Qualifying begins: 26 June
The Draw: 30 June
Pre-event Press Conferences: 1 & 2 July
Order of Play: 2 July
Championships begin: 3 July
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Jordanne Whiley and Yui Kamiji battled back from a set down to claim a fourth consecutive ladies’ wheelchair doubles title at The Championships, beating Dutch duo Marjolein Buis and Diede de Groot 2-6, 6-3, 6-0. Sweden’s Stefan Olsson claimed his first Grand Slam title, beating No.2 seed Gustavo Fernandez.
Champions!!!!!!! 4th year in a row... I can't believe it!!!!! pic.twitter.com/VwO60PxSVQ— Jordanne Whiley MBE (@jordannejoyce92) July 16, 2017
“This is by far the most special for me,” said 25-year-old Whiley, who was sidelined by a fractured wrist for eight months late last year. “I really did try my hardest. I'm so happy.
“Yui's my best friend,” the Briton added, in tribute to her 23-year-old Japanese partner. “I would do anything for Yui, I would try my hardest for Yui and I know she would do the same. That's what makes it such a special doubles team.”
De Groot, who claimed the ladies’ wheelchair singles title on Saturday, and Buis took the early initiative after a tight start to the final, breaking Kamiji and Whiley in turn to post a four-game burst from 2-2 that secured the first set.
The British-Japanese tandem made a better start to the second, breaking De Groot for a 2-0 lead, only to be pegged back at 3-3.
But Whiley’s full repertoire of slice and touch came to the fore as, across the net, Buis threw in two double faults in game seven to give up the break before De Groot followed suit, a pair of double faults giving up the set two games later.
With that, Whiley and Kamiji ran away with the match, mirroring ladies’ singles champion Garbiñe Muguruza’s nine-game burst to claim the title in style.
In the gentlemen’s wheelchair singles final, Olsson claimed his first Grand Slam title in his third final, beating Fernandez 7-5, 3-6, 7-5.
The 30-year-old, who beat defending champion Gordon Reid in a repeat of last year’s Championships final to return to the title match, succeeded at taking time away from the hard-hitting Argentine, meeting the ball on the rise off the first bounce and working well behind his laser-like slice to keep the 23-year-old on the move throughout a tight contest.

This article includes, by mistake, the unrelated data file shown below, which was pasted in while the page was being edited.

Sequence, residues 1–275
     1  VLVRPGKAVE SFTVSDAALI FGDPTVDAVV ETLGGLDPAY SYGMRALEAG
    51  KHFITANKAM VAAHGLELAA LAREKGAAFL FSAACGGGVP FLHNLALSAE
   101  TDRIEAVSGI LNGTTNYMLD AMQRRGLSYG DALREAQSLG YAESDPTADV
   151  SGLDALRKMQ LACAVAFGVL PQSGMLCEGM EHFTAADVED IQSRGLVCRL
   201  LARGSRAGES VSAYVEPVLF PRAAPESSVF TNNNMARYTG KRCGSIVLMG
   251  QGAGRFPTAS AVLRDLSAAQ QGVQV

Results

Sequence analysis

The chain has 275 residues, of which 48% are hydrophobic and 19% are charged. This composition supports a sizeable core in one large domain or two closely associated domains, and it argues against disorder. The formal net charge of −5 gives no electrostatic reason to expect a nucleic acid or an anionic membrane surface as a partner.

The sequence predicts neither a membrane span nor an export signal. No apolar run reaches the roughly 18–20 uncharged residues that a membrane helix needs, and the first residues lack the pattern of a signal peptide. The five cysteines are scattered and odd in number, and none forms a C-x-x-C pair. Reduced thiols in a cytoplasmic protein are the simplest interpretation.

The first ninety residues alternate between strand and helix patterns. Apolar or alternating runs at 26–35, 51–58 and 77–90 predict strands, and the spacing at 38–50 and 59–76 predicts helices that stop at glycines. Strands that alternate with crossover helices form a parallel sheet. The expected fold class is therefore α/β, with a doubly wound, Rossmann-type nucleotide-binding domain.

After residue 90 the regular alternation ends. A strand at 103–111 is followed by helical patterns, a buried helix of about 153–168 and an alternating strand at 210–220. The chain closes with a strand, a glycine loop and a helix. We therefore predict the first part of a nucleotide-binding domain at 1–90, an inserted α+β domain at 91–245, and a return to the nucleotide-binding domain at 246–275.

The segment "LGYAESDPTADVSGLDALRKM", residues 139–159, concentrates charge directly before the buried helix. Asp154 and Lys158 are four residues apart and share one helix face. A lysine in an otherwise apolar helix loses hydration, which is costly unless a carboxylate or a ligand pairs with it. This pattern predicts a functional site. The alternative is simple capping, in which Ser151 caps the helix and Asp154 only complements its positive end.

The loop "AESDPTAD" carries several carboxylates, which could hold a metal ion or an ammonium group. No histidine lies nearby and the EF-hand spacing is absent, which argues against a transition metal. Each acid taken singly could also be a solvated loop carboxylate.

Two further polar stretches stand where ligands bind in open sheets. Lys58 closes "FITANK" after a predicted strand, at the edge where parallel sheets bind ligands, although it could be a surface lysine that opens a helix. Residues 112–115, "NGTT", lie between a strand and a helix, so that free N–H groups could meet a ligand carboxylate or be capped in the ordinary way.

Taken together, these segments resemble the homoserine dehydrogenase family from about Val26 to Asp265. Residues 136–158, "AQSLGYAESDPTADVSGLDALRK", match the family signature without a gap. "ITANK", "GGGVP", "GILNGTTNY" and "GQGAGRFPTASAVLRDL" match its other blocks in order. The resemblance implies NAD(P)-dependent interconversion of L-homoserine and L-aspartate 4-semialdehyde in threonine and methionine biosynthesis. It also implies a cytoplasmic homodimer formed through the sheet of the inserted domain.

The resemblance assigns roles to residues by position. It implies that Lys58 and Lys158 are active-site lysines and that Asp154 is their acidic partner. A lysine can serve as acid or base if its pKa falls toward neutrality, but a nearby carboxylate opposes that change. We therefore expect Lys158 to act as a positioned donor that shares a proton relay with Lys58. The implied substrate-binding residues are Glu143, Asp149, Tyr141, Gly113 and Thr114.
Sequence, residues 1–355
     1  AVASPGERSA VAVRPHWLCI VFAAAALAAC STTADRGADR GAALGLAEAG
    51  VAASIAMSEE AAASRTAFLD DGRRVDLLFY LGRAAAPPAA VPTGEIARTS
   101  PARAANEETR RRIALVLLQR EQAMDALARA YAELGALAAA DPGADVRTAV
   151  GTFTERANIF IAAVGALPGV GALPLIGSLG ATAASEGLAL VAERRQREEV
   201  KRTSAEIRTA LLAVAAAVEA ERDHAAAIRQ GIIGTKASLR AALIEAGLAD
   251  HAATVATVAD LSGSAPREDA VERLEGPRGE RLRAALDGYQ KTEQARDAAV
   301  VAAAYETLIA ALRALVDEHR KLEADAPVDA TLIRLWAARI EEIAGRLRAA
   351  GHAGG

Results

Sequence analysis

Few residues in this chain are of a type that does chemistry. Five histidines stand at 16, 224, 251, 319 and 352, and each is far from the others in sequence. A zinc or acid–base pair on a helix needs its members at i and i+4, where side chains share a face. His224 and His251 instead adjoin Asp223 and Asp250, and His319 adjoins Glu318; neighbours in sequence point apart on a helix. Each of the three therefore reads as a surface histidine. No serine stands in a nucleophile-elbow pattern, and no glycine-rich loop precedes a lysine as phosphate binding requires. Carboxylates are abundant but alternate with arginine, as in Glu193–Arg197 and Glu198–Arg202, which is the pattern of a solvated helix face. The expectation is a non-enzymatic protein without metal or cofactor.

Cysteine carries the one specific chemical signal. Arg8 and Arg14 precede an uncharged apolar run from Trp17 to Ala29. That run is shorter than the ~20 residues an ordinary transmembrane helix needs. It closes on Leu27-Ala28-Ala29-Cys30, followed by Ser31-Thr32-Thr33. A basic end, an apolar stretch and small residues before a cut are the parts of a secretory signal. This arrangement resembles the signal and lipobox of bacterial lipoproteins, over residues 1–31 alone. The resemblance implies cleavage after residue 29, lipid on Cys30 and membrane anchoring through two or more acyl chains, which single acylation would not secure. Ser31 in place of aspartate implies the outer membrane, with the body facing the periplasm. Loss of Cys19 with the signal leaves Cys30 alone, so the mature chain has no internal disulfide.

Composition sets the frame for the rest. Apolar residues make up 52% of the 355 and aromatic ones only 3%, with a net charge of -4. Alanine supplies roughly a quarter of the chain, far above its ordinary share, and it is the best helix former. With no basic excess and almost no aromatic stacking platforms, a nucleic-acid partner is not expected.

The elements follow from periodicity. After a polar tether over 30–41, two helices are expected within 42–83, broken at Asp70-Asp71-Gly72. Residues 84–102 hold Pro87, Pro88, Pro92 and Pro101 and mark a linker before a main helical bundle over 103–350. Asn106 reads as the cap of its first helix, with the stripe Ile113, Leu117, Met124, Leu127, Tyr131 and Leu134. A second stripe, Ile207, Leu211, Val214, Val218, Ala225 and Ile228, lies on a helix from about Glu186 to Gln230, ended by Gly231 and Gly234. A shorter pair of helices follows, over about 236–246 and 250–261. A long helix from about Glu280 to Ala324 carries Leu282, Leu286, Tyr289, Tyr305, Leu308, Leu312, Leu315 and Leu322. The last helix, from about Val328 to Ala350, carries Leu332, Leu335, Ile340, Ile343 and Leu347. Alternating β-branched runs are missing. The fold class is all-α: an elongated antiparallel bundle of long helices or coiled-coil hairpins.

“It’s the best feeling in the world,” Olsson said. “Before this I’d won a gold medal at the Paralympics, but this beats it by a mile – by 500,000 miles, maybe.”
Olsson admitted the stress of closing in on his first Grand Slam title had preyed on his mind in the past, but the birth of his son Vincenzo in January – the day he was set to leave for the Australian Open – has been a positive influence on his game.
“I’m stronger in my head than I’ve been before,” said Olsson. “I actually think it’s the little one who has helped a lot there, taken away the pressure. The baby has put everything in perspective – tennis is great, but there’s something bigger out there.
It’s the best feeling in the world. Before this I’d won a gold medal at the Paralympics, but this beats it by a mile – 500,000 miles, maybe
“It’s only the last two or three years I’ve been able to stay at the same level a little bit more. I’ve improved, not only tennis-wise but also mentally. And the grass, for me, is the perfect surface. I love the grass, where I can hit the slice more.”
Fernandez led every set 5-3, but the warning signs that Olsson’s game plan was working were clear in the opener as the Argentine found himself upended twice while chasing down short angled balls out wide. Olsson rattled through four games to complete the turnaround, making just five unforced errors as he sealed the set in 45 minutes.
There would be no comeback in the second set, but after a flurry of breaks from the midpoint of the decider, Fernandez had the chance to serve for his first Wimbledon title, only for a spare ball to drop from his lap midway through game nine. Olsson duly broke and once again surged clear, sealing his first major title with a service winner before throwing his racket into the air.